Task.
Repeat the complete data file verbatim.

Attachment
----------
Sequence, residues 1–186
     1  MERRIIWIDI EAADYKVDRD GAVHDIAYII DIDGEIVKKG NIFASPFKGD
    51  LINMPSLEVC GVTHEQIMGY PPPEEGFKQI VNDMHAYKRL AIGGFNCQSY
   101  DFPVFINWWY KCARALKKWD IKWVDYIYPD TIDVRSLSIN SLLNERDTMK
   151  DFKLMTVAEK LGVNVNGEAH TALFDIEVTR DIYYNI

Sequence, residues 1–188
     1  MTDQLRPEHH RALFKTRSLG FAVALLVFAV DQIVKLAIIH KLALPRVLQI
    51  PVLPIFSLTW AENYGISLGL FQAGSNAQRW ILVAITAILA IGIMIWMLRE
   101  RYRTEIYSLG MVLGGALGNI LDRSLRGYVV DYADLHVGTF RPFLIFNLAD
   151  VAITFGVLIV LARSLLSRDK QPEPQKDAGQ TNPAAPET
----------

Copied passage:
Sequence, residues 1–186
     1  MERRIIWIDI EAADYKVDRD GAVHDIAYII DIDGEIVKKG NIFASPFKGD
    51  LINMPSLEVC GVTHEQIMGY PPPEEGFKQI VNDMHAYKRL AIGGFNCQSY
   101  DFPVFINWWY KCARALKKWD IKWVDYIYPD TIDVRSLSIN SLLNERDTMK
   151  DFKLMTVAEK LGVNVNGEAH TALFDIEVTR DIYYNI

Sequence, residues 1–188
     1  MTDQLRPEHH RALFKTRSLG FAVALLVFAV DQIVKLAIIH KLALPRVLQI
    51  PVLPIFSLTW AENYGISLGL FQAGSNAQRW ILVAITAILA IGIMIWMLRE
   101  RYRTEIYSLG MVLGGALGNI LDRSLRGYVV DYADLHVGTF RPFLIFNLAD
   151  VAITFGVLIV LARSLLSRDK QPEPQKDAGQ TNPAAPET